Canadian Postal Service In Midst Of Rotating Strike
Strike kicked off in Winnipeg, shifted to Hamilton, Montreal.
The Canadian Union of Postal Workers began a 24-hour strike at midnight last Thursday after talks with Canada Post reached an impasse, although both groups have indicated an interest in continued negotiations.
The strike was initiated in Winnipeg. The location was selected, says the 48,000-member CUPW, because it was the first place where the Canada Post introduced new equipment and work rules. However, the strike shifted to Hamilton for 48-hours and is currently underway in Montreal. ‘Montreal is another place where Canada Post has already begun its $2 billion postal transformation,’ said Denis Lemelin, National President and Chief Negotiator. ‘As we saw in Winnipeg, Montreal postal workers are being forced to work with new machines and methods without proper safety studies beforehand.’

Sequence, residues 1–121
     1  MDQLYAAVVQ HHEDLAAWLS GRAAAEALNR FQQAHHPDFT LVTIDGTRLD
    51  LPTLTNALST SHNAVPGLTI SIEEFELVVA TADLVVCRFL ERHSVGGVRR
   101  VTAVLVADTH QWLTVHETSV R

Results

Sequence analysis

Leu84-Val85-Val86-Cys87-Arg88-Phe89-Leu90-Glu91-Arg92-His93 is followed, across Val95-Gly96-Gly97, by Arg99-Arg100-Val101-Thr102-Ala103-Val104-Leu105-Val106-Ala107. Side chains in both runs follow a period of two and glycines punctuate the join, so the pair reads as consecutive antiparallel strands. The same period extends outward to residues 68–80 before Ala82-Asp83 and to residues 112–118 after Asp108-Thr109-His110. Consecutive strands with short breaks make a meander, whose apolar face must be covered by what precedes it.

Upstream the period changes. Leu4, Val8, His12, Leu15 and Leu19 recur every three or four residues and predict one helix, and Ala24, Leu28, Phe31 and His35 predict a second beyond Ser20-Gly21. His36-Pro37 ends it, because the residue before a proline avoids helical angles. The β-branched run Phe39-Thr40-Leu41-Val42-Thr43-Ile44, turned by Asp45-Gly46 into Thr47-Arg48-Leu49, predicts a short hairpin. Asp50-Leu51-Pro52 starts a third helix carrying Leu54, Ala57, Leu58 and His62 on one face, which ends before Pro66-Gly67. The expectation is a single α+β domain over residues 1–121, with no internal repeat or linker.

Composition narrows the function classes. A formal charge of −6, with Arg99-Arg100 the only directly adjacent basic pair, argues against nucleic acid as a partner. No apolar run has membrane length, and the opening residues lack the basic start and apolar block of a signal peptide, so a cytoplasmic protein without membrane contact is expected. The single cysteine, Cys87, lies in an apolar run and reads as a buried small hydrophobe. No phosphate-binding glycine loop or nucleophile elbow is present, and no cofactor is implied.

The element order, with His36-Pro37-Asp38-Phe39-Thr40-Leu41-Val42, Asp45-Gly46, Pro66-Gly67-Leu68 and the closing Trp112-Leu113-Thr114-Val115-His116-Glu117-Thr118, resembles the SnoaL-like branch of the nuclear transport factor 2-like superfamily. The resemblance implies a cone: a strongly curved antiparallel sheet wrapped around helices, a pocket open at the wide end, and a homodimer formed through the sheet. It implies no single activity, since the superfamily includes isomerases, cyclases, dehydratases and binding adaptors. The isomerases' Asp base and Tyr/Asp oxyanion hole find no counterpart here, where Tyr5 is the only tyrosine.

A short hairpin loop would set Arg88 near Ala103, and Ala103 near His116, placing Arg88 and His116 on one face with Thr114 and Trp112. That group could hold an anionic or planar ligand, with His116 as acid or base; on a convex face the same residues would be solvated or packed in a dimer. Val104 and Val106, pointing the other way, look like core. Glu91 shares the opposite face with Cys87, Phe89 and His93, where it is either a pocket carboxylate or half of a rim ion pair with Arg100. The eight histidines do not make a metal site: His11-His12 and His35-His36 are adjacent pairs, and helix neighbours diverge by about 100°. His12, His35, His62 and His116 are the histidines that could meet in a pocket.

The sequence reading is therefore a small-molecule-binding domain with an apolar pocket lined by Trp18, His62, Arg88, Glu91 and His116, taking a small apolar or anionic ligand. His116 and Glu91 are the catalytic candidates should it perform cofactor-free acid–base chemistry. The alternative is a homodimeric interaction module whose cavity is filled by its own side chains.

This is the first strike in 13 years and has come after about 7 months of negotiations.
The CUPW is seeking wage increases and solutions to health and safety issues. A last-minute compromise put on the table by Canada Post was rejected by the union late Thursday. It included offers to:
-put a short-term disability program on hold until a joint union-management committee review.
-bump starting wages to $19 per hour, which will rise to $26 per hour maximum
-offer the same job security provisions to future hires as current employees
-offer up to six weeks of vacation to future hires
-conduct a feasibility study on retail business growth ideas in urban areas
"Postal workers are staying out on strike to keep the pressure on negotiations," said Lemelin. ‘We will not accept the rollbacks that a profitable company is trying to force us to swallow.’
In the meantime, the USPS has said it will continue to accept, process and deliver mail to Canada "until further notice."
If a general strike is called, the USPS says it will provide customers letter and package service through its Global Express Guaranteed service.